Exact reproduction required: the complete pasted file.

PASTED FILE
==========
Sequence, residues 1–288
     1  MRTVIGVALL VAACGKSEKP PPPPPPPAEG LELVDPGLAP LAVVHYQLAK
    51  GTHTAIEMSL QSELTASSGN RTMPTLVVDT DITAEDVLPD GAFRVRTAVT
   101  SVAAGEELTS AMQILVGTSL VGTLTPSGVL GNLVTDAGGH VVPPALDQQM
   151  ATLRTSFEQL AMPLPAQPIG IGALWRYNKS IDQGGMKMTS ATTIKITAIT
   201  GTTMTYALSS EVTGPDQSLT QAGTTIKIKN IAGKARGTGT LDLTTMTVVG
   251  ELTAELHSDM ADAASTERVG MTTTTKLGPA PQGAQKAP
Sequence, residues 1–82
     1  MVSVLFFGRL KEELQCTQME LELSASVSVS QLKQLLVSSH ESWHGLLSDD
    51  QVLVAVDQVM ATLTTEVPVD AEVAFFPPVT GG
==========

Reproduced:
Sequence, residues 1–288
     1  MRTVIGVALL VAACGKSEKP PPPPPPPAEG LELVDPGLAP LAVVHYQLAK
    51  GTHTAIEMSL QSELTASSGN RTMPTLVVDT DITAEDVLPD GAFRVRTAVT
   101  SVAAGEELTS AMQILVGTSL VGTLTPSGVL GNLVTDAGGH VVPPALDQQM
   151  ATLRTSFEQL AMPLPAQPIG IGALWRYNKS IDQGGMKMTS ATTIKITAIT
   201  GTTMTYALSS EVTGPDQSLT QAGTTIKIKN IAGKARGTGT LDLTTMTVVG
   251  ELTAELHSDM ADAASTERVG MTTTTKLGPA PQGAQKAP
Sequence, residues 1–82
     1  MVSVLFFGRL KEELQCTQME LELSASVSVS QLKQLLVSSH ESWHGLLSDD
    51  QVLVAVDQVM ATLTTEVPVD AEVAFFPPVT GG